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Should spreading anti-vaccine misinformation be criminalised? | The BMJ

By Melinda Mills and Jonas Sivela
February 17, 2021

Anti-vaccine disinformation, conspiracy theories, and fake news can often be considered counternarratives—expressions of resistance. In such cases, they can be born from and fed by distrust in authorities and institutions, expressions of resistance to hegemonic ideologies and rules. Hegemonic legislation that could be seen as criminalising the right to express legitimate worries or pose questions would only trigger more misinformation.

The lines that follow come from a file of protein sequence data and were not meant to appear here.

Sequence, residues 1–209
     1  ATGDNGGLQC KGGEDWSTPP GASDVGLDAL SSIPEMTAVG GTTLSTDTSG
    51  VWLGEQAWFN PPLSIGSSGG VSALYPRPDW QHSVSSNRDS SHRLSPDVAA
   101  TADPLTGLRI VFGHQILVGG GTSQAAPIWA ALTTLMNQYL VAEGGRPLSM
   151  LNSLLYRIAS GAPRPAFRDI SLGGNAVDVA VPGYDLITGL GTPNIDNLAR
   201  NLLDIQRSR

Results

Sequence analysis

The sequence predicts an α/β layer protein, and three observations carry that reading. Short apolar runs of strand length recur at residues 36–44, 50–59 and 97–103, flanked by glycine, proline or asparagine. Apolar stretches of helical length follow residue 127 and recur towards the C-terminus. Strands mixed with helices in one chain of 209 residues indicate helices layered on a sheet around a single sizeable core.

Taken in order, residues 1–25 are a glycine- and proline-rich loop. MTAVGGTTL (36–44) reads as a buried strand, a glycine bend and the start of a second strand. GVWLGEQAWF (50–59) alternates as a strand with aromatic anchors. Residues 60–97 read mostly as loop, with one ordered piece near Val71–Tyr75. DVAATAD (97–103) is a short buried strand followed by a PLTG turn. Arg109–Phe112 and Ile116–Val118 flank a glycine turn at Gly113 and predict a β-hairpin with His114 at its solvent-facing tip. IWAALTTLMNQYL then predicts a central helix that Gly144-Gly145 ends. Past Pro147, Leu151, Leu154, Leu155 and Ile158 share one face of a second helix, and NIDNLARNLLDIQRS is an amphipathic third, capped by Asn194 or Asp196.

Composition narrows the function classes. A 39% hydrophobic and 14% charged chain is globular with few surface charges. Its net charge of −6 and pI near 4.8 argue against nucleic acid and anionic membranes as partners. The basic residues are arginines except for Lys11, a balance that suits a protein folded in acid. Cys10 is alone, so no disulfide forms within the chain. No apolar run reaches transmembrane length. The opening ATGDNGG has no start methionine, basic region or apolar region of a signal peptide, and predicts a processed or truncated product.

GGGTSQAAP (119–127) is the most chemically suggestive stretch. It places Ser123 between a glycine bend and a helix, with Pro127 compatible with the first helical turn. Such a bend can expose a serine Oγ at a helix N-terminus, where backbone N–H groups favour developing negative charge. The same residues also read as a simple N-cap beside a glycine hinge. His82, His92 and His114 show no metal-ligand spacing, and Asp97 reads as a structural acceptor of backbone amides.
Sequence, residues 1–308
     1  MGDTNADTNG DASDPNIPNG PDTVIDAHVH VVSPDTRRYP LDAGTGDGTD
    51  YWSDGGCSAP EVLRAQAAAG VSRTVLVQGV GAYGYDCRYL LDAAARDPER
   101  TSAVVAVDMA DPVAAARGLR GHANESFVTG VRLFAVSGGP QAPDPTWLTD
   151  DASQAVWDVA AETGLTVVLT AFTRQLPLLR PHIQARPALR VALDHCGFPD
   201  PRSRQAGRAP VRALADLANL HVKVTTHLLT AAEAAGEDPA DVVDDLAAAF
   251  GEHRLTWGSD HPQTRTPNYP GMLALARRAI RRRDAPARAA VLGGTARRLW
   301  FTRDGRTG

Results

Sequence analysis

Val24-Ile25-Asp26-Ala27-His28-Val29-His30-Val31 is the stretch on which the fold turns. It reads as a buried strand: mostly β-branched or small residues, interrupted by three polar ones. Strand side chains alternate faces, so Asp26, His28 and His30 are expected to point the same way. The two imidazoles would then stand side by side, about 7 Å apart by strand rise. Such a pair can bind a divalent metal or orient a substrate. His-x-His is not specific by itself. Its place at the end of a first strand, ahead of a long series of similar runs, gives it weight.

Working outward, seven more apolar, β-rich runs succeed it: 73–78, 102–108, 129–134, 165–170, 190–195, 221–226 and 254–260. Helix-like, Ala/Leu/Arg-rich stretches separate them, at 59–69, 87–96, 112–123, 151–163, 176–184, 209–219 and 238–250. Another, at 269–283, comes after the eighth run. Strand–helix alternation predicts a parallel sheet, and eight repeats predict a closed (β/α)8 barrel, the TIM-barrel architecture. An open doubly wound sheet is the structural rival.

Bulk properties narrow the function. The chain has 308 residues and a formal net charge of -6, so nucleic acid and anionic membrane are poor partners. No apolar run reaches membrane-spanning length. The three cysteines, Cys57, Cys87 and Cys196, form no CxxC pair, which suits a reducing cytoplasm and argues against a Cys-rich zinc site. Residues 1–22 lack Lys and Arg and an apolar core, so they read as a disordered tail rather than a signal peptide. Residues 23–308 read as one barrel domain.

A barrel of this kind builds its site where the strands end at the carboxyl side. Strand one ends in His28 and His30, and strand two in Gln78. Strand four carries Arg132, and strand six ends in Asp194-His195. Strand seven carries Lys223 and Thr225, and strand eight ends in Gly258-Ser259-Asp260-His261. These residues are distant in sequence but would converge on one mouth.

Instead of criminalising communication, other technical solutions for tackling misinformation have proved successful, such as efforts by Facebook and Twitter to deal with false claims through fact checking and labelling misinformation.

Moreover, trust in authorities, governments, and the healthcare system is key when it comes to ensuring high vaccine acceptance. The only way to sustainably reduce misinformation about vaccination—and to strengthen vaccine confidence and acceptance in the long run—is to increase trust in these institutions and authorities in different countries.

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Source: Should spreading anti-vaccine misinformation be criminalised? | The BMJ

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